- What is the role of volunteers in the successful delivery of major sporting events?
- What are some of the key motivators for volunteers at major sporting events?
This case study seeks to examine the role of volunteers in the successful delivery of major sporting events, with a particular focus on their contribution towards maintaining public safety and facilitating positive fan behaviours. Given the importance of volunteers to these efforts, we also explore some of the key motivators for volunteers, which organisers should take note of and respond to in order to ensure that volunteers stay engaged over the course of an event. The case study also briefly considers the challenges of and opportunities for building a legacy of volunteering after an event has finished, and concludes with some key lessons for the 2022 World Cup in Qatar.
- Volunteers have an important role to play in maintaining public safety and facilitating positive spectator behaviours during major sporting events. This is at least in part due to how volunteers are perceived by, and engage with, spectators at such events.
- Given the importance of recruiting and retaining volunteers, event organisers must understand and respond to their motivations. Key motivators identified in this case study include a sense of pride in one's community and country; the opportunity to gain experience and develop skills; meeting new people and strengthening personal relationships; a passion for sport; and a desire for a new experience.
- Maintaining the engagement of volunteers requires event organisers to care for their wellbeing; match them with roles that suit their interests and abilities; manage their expectations; communicate effectively; and recognise their contribution to the event.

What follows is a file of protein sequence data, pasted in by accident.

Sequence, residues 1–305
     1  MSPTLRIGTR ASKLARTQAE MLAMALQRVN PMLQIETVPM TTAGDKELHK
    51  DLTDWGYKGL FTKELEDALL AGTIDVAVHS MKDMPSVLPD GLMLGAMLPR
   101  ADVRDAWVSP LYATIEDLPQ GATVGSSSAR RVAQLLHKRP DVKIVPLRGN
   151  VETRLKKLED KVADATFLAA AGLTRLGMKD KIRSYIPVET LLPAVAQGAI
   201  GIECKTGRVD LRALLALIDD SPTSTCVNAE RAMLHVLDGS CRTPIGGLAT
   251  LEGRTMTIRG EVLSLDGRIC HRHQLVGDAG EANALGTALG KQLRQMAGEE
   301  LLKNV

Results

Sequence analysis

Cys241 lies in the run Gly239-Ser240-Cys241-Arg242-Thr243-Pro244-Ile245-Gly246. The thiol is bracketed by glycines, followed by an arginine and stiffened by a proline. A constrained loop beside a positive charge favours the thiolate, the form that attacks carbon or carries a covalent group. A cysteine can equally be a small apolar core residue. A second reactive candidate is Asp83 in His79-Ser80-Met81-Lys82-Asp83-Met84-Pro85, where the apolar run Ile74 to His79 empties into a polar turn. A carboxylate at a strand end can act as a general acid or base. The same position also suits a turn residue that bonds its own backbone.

- Building a legacy of volunteering after a major sporting event is challenging, and requires significant forward planning and financial investment.
- Organisers can maximise the benefits of using volunteers by ensuring that volunteers in public-facing roles are enthusiastic, level-headed and resilient.
- Investment in training, for example in monitoring crowd dynamics and communicating effectively, is essential.
- Organisers should identify and respond to the motivations of volunteers, which may vary by background, so that they enjoy their experience and stay engaged.
- Organisers should anticipate that a proportion of volunteers will drop out during an event, but also seek to prevent drop outs as far as possible by caring for the wellbeing of volunteers; attempting to match volunteers to roles that suit their interests and abilities; managing the expectations of volunteers; communicating clearly and consistently; and recognising the efforts and contributions of volunteers to an event.
The research described in this report was commissioned by Qatar University and conducted by RAND Europe.
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